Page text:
How much expereince is enough? - Page 3
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Thread: How much expereince is enough?

  1. #21
    CR is the only one who has it right. I have ZERO LE or Military experience and I do quite well as an instructor. I look for folks who DO NOT have military or LE experience when I seek further training. Here is the problem with Military and LEO training. Instructors spend more time instilling confidence and a sense of trust in their method than they do actually teaching the core fundamentals of shooting. LEO qualifications differ from state to state, but the bar is very low for qualifying, for instructor rating, etc. Look up PPC. Look up GLOCK matches. Why is there a separate category for LEOs in GLOCK matches? Why do very few LEOs compete in USPSA or IDPA?

    I went to Law enforcement school two years ago. The firearms instructors were all ex military, all SWAT members. You have to score 94% or better to be considered for SWAT or instructor school. I scored 98% with a brand new gun I hadn't shot more than 30 rounds through. I bought a new GLOCK 17 because they wouldn't let me qualify with my 1911. I don't want to start a gun bashing session, but the sights alone on a factory GLOCK give me a headache. I dropped two whole shots ( 5 points apiece ) for not shooting enough rounds on one course of fire, and for shooting late and admitting it on another . The only time I "missed" I got a 4 point hit instead of a 5. I could have easily had 100% with a gun I had shot tens of thousands of rounds through. I am only a fair USPSA competitor. To be fair, the last march I shot an LEO gave us all a spanking, but not by much. Some PO lice CAN shoot. Just not too many. Military or LE is the last place I would look for training, or for a trainer.

    Second thing, there are no magic beans, and if there were, military and LE would be the last place you would see them. Competitors INVENT new, better ways to do things. Military and LE get dragged, kicking and screaming into the light last of all. Shooting skills are very basic. You need some good, solid, basic instruction from an instructor who actually can perform, and then you need LOTS of practice both as a shooter and an instructor. Like CR said, It won't do you any good to take a class from someone who is very talented but can't communicate.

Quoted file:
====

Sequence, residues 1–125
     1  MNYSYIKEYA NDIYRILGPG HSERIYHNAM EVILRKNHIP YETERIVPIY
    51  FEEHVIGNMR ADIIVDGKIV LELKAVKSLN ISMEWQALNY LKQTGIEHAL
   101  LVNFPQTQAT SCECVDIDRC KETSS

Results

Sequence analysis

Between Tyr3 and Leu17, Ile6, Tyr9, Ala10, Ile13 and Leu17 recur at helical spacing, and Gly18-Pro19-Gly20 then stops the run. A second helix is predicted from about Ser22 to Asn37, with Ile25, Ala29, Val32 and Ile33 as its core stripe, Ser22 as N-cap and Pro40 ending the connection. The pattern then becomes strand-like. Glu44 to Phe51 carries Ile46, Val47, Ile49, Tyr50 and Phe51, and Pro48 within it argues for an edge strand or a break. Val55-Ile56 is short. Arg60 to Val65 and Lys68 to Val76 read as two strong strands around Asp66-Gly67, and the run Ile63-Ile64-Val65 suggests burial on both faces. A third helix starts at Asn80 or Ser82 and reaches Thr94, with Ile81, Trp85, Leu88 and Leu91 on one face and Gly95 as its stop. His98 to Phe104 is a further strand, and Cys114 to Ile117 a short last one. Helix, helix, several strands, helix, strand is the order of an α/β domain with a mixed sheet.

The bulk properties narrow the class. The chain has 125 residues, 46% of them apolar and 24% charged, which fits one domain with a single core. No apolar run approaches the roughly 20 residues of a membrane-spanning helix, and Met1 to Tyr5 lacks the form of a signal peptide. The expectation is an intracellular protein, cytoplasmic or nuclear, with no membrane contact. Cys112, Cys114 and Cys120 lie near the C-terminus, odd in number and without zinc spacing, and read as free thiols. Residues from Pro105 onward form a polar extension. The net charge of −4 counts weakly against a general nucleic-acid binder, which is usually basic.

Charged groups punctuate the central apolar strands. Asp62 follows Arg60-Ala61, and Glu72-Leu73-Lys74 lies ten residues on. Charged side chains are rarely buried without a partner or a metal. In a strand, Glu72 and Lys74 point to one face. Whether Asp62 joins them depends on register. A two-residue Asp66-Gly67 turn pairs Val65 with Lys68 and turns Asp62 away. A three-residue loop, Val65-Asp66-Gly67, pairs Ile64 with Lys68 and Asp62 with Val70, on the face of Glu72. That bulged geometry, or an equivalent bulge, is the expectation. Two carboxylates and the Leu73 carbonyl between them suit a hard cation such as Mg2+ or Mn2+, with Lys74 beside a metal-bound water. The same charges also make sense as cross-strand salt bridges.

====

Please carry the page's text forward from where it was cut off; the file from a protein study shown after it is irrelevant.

Last thing. It is a lot easier to find a virgin in a brothel than it is to find a Navy cook in a bar, or on a website advertising firearms instruction. I doubt there s anyone in the Army anymore who isn't a Special forces firearms instructor. Well, maybe there are some secret squirrel types, you know, the hush hush, I could tell you but I would have to kill you types. It has gotten so bad that the NAVY SEALS have a website that shows who is who in SEALS. It seems even one GOVERNOR wasn't REALLY a SEAL, but a UDT man. UDT guys deserve the upmost respect, too, but a SEAL they are not. " Well, I trained with the SEALS, I took SEAL training"..I trained with a DELTA FORCE dude one time, but that doesn't make my fat backside DELTA FORCE. And, if you manage to sift through all the outright liars and find a real Special forces operator, you will likely be underwhelmed. I have had them in class, and they are O.K., but why don't they win USPSA or IDPA matches?

    Learn the basics very well, and start teaching ASAP. Learn stuff at the next level, and start teaching that. Compete, hunt, and take additional training, but look more for someone who has taught or coached folks who are top flight competitors. Once you learn the basis and can perform them well, you really need a coach more than an instructor who has " magic beans" or some new method.

    I shoot around 100 rounds a day and I try to dry fire half hour to one hour a day. I practice the stuff I am no good at, like loading n the move and transitioning from target to target. I study cases of CIVILIAN self defense. It should be a crime to talk to CIVILIANS about military of LEO use of force. Only an idiot would pay a Jet mechanic to work on a lawn mower, and vice versa. I do my best to instruct, somewhere, on something, every week. Pepper spray, Hunter safety, Legal updates on law changes, reloading, something.

    I could go on and on, but that is what works for me. Conventional wisdom usually makes you end up like 80% -90% of others in any business ; broke and out of business.

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  3. #22
    docmagnum57,

    Comparing a NAVY SEAL or a LEO to a Grand Master in USPSA is like comparing a a podiatrist to a neurosurgeon. All medical doctors are doctors but than they have specialties, I wouldn't want a podiatrist doing brain surgery on a loved one just because he was a medical doctor.

    I will agree with you that there is a high percentage of LEOs that are not very good shooters but you seem to not realize that being a good police officer does not mean they have to be a Grand Master in USPSA and winning state matches. Do you think a J.J Racaza or Todd Jeret would be better police officers because they are two of the best shooters in the world? I also trained with some SEALS and Delta operators in the past and they also were not world class marksmen or Grand Masters in USPC but just because I normally win matches at my gun club doesn't mean I would be a better SEAL or DELTA operator than them.